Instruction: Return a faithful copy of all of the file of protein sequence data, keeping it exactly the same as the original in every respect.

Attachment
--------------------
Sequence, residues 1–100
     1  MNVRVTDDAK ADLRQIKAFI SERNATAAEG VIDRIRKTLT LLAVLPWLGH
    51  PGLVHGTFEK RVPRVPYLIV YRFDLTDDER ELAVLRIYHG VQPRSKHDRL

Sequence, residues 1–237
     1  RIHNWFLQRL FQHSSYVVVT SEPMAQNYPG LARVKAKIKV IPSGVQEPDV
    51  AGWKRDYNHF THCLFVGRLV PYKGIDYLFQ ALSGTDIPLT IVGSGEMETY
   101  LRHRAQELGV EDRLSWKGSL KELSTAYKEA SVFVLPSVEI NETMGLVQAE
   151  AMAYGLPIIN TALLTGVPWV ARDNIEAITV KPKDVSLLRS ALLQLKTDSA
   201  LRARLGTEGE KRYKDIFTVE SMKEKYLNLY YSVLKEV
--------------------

Sequence, residues 1–100
     1  MNVRVTDDAK ADLRQIKAFI SERNATAAEG VIDRIRKTLT LLAVLPWLGH
    51  PGLVHGTFEK RVPRVPYLIV YRFDLTDDER ELAVLRIYHG VQPRSKHDRL

Sequence, residues 1–237
     1  RIHNWFLQRL FQHSSYVVVT SEPMAQNYPG LARVKAKIKV IPSGVQEPDV
    51  AGWKRDYNHF THCLFVGRLV PYKGIDYLFQ ALSGTDIPLT IVGSGEMETY
   101  LRHRAQELGV EDRLSWKGSL KELSTAYKEA SVFVLPSVEI NETMGLVQAE
   151  AMAYGLPIIN TALLTGVPWV ARDNIEAITV KPKDVSLLRS ALLQLKTDSA
   201  LRARLGTEGE KRYKDIFTVE SMKEKYLNLY YSVLKEV